Moments before his death at the hands of Spanish colonial officials on November 15, 1781, Aymaran leader Túpac Katari assured his apostles as well as his adversaries that he would “return as millions.” As promised, Katari’s presence in Bolivia did not end with his life. In the centuries since his historic siege of La Paz, Katari has returned often, and remains a cornerstone of the five-hundred-year-long rebellion to reclaim and restore an Indigenous world that long predated the formation of Bolivia. Such a rebellion is the topic of Benjamin Dangl
’s latest book, The Five Hundred Year Rebellion: Indigenous Movements and the Decolonization of History in Bolivia
(AK Press, 2019), a deep dive into the historical roots and contemporary relevancy of Indigenous-led movements in modern Bolivia.
Drawing on fifteen years of journalistic experience in Bolivia, Dangl demonstrates the ways that Aymara, Quechua, and Guaraní intellectuals, activists, and communities use history as a means of resistance. Dangl shows how the Indigenous campesino union, the Andean Oral History Workshop, caciques apoderados, and other Indigenous activists seized historical knowledge and symbolism as their own, reminding the world of their role as agents of historical change. Over the last several decades, such efforts have led to monumental shifts in Bolivian politics that have permanently transformed the past, present, and future of the country.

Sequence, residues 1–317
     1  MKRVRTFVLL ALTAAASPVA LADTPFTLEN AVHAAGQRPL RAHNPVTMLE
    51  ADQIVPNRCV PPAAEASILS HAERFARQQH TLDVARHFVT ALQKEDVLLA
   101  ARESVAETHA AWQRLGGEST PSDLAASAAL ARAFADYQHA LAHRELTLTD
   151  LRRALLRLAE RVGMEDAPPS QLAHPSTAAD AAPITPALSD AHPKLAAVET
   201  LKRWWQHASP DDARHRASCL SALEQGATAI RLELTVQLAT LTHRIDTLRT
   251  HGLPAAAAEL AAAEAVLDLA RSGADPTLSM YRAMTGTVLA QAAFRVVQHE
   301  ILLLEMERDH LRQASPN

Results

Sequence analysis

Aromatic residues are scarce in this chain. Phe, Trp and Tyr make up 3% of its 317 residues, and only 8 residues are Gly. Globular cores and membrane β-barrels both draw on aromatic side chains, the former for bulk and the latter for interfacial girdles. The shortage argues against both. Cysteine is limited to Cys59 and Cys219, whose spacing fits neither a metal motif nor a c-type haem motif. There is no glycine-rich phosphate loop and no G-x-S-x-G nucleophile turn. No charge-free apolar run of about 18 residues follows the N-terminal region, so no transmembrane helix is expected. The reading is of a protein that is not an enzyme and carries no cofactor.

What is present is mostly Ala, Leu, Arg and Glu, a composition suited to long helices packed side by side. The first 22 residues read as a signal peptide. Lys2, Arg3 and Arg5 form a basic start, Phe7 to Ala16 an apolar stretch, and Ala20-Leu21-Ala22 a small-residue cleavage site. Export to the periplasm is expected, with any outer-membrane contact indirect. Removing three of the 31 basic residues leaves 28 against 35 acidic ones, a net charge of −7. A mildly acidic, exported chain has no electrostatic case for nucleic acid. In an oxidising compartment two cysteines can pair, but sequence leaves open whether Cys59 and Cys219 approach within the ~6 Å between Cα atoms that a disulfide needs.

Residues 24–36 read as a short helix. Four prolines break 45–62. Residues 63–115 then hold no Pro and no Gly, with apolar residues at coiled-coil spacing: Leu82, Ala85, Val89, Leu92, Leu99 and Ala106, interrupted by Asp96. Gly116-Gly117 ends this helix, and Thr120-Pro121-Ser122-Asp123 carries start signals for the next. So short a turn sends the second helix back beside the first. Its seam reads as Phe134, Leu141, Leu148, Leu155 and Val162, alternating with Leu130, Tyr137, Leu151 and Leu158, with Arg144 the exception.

Benjamin Dangl teaches journalism at the University of Vermont where he is Lecturer of Public Communication in the Department of Community Development and Applied Economics. As a specialist of Bolivian politics, Dangl provides New Books listeners with insightful commentary on the historical context and immediate impact of the recent coup that removed Indigenous president Evo Morales from power.
Annabel LaBrecque is a PhD student in the Department of History at UC Berkeley. You can find her on Twitter @labrcq.